Taber Scholars find flexibility in designing their Energy Systems programs
College of Engineering at Illinois Energy Systems students selected for the first Taber International Scholarships are focusing on a diverse set of energy studies.
One is comparing benefits of electrically-powered vehicles to those running on biofuel. Another wants to determine how solar and wind systems can power rural communities while reducing carbon emissions. A third is excited to explore all technologies in producing clean energy.
Anthony Ekeopara of Nigeria and John Flanagan of Wheeling, Illinois, were chosen this spring as the 2015-16 Taber Scholars. Kevin Kubis of Chicago, Illinois, was more recently chosen as the 2016-17 scholar.
Ekeopara came to Illinois in August 2015 having earned a bachelor’s degree in electrical engineering two years earlier from Covenant University, Ota, Ogun State. He worked for the Transmission Company of Nigeria for a year as a field engineer on high voltage electric transmission and equipment maintenance. Wanting to acquire theoretical and practical experience about renewable energy production, integration, and transmission, he searched the web to locate a master’s degree program.
Considering those at Purdue and Illinois, he picked the latter because of its flexibility. “(Energy Systems) allowed me to choose my program based on my interest,” Ekeopara explained.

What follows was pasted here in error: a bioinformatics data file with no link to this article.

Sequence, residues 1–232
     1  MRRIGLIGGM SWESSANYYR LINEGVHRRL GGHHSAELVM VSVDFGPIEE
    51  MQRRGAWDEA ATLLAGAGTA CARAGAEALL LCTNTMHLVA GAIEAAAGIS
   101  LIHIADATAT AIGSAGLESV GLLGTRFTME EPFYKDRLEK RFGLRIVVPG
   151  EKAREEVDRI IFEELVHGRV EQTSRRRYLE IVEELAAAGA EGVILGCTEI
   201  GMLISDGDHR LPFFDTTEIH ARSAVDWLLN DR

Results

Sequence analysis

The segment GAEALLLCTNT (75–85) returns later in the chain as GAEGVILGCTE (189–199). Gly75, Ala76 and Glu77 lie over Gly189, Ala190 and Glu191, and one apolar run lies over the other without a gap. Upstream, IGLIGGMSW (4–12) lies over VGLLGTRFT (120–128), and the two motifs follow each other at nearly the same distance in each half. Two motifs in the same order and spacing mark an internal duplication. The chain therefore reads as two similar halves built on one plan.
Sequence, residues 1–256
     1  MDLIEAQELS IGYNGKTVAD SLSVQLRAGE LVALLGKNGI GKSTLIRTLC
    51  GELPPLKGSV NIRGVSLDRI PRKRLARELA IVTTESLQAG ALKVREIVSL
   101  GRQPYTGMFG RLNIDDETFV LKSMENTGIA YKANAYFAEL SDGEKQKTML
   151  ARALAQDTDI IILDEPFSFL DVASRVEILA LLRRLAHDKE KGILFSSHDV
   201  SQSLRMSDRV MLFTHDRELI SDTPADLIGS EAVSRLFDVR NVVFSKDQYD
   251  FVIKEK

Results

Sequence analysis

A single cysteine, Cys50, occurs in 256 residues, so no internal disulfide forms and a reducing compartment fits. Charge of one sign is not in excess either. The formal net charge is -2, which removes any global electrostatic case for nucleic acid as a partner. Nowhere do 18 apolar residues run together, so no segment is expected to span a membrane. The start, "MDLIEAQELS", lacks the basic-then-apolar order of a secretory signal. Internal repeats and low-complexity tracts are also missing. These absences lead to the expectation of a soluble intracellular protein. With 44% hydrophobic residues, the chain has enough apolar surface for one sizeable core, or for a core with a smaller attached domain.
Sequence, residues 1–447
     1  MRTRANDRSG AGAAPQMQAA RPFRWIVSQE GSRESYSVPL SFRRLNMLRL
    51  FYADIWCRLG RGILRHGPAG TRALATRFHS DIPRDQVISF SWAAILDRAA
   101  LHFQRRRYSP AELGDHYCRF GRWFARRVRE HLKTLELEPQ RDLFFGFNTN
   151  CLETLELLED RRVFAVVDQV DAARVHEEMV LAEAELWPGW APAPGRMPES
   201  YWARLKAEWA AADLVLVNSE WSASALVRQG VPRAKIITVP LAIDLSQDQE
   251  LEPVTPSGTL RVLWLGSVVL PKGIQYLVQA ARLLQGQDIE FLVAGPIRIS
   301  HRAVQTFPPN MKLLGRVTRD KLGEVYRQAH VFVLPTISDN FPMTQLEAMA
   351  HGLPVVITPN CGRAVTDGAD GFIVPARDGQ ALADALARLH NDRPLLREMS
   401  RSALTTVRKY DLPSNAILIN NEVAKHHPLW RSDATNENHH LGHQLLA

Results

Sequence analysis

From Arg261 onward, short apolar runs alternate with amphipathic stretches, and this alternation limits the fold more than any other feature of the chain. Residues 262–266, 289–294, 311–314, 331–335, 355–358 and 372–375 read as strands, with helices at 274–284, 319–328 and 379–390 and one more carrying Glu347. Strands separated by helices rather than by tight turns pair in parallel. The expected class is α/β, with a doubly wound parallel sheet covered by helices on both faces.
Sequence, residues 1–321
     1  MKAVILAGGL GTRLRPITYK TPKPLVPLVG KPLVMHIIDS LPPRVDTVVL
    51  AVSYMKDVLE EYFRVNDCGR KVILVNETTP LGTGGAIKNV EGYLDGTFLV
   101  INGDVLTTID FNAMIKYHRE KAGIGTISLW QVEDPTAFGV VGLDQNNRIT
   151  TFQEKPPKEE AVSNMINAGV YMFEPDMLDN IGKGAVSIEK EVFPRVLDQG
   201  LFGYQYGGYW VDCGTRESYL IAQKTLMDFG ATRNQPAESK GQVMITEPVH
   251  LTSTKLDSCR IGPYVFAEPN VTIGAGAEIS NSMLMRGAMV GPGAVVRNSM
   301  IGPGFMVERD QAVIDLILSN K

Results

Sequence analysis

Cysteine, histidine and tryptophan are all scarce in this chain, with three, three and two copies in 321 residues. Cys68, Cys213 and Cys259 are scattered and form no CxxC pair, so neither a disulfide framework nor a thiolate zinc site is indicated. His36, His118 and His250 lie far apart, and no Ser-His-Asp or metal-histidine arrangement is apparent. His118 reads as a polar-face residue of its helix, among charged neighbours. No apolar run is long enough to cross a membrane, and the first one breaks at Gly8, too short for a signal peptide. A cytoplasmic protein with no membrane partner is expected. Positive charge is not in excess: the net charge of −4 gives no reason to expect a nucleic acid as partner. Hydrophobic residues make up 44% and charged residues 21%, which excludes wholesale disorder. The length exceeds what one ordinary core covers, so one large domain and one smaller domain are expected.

Students of Energy Systems, administered within the College by the Nuclear, Plasma, and Radiological Engineering Department, must complete a project or internship in addition to coursework.
Ekeopara is conducting a life-cycle analysis comparison of vehicles that run on biofuels to plug-in battery-powered vehicles running on electricity from a variety of sources, including off-peak nuclear power, solar, wind, natural gas, and coal. “Most families charge their cars at night, and nuclear power plants have a constant power supply. I’m trying to see if that tradeoff is more environmentally and economically beneficial than biofuels.”
Nuclear waste storage will be one of the issues Ekeopara will consider in examining the comparison.
With plans to graduate in December, Ekeopara hopes to gain practical experience in the field, and contribute to innovation in renewable energy production, grid integration and grid reliability. Long range, he would like to return to his homeland equipped with knowledge that will benefit his country. “In Nigeria, there is not sufficient innovation; there is a 7.5 percent loss in electricity in transmission,” he said. “My gaining some practical knowledge and experience might help with that.”
A work trip to Africa also inspired Flanagan to pursue the degree in Energy Systems. He had earned bachelor’s degrees in mathematics and French in 2008 from Loyola University, and then went to work for Pearson Education.
“I worked in their North American Higher Education Mathematics Software Development Division. I developed assessment software for higher education math classrooms,” he said. “While there (in March 2015), I was in an impoverished area south of Cape Town. I noticed that the people had limited access to electricity. It got me to think about energy and its relation to the quality of life. I had been studying renewables independently for about a year, and it felt like this was a good thing for me to be pursuing.”